There's a concept that parents talk about a lot nowadays called "Executive Function." As adults, we use executive function to perform such activities as planning, organizing, strategizing and paying attention to and remembering details. Developing these skills in childhood is critical for future successful functioning in adulthood.
I am a fan of executive function. I say YES to executive function! HOORAY for executive function! On a personal level, some of the executive function features I possess are the ability to multi-task, analyze my performance, read, write, and keep track of time. I am grateful that I have these skills and abilities. Without them, I would likely not be able to own my own home or business. I would struggle to manage my finances. Organizing my child's schedule would be difficult.
When I teach yoga, I often espouse the idea that "planning" is counter-productive to being in the present moment. I try to promote a mindset of not planning. The idea-- think like a beginner, like someone who doesn't know the answer or what's coming next-- and life will be more interesting, more full, more present. Granted, this is in the context of yoga practice, but it begs the question, "How does one find balance between planning and open-mindedness in everyday life?"
I recognize my inability to stay in open-mindedness at some point every time I practice yoga. My mind wanders. The teacher says, "Don't be sad" or, "Try not to anticipate" or "Breathe." I come back to being open---for a moment.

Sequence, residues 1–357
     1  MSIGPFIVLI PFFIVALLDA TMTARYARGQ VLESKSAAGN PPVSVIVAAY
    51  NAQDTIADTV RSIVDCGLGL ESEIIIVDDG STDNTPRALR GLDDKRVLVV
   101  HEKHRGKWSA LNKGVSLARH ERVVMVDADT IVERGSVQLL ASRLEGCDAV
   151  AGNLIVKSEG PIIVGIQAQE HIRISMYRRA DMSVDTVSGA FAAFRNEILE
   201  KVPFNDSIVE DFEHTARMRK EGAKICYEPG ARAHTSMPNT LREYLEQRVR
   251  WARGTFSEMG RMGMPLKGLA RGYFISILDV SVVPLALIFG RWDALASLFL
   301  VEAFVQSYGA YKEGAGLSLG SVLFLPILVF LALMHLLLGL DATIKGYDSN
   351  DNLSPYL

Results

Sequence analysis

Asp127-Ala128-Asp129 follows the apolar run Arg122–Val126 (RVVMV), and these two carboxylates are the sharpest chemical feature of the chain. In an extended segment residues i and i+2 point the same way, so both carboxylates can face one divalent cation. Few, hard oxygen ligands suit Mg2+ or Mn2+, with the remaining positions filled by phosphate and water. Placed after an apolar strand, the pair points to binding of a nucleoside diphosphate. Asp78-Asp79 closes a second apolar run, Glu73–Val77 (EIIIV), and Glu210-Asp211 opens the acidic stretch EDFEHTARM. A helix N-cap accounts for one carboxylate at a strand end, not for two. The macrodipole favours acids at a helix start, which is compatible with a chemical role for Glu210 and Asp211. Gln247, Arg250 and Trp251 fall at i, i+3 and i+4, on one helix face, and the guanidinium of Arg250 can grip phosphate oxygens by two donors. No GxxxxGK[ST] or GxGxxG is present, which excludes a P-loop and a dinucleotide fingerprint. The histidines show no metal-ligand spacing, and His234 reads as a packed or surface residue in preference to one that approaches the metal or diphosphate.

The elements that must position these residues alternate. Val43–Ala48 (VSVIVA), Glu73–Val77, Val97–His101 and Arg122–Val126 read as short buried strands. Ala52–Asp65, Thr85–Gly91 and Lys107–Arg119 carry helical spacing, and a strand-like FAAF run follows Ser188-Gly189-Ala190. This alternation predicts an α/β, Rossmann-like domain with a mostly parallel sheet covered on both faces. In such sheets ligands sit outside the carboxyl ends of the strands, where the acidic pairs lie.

Being without a plan when I am not practicing or teaching yoga is exponentially more challenging. I have always been someone who makes things happen-- plane tickets four months ahead of time, oil changes ten miles before I need them, birthday parties, cookie parties, block watch meetings. Planning has worked for me professionally. It has worked financially. For the most part, it has worked socially.
For years (maybe all of my years), I have unsuccessfully attempted to also plan emotionally. In crisis, in joy, in anger, in fear, I've attempted to anticipate my next move. That seemed efficient, like good management.
As I get older and find myself more willing to be vulnerable, I realize that managing emotions is just the opposite of efficient. When I find myself planning emotionally, I feel tired, depleted, off-balance. The burden of carrying the unknown is cumbersome and unwieldy. When I can sit in the unfamiliar, sometimes scary territory of not knowing what is next, there is less baggage. The elusive balance between planning and open-mindedness in everyday life can be found only when we stop trying to find it.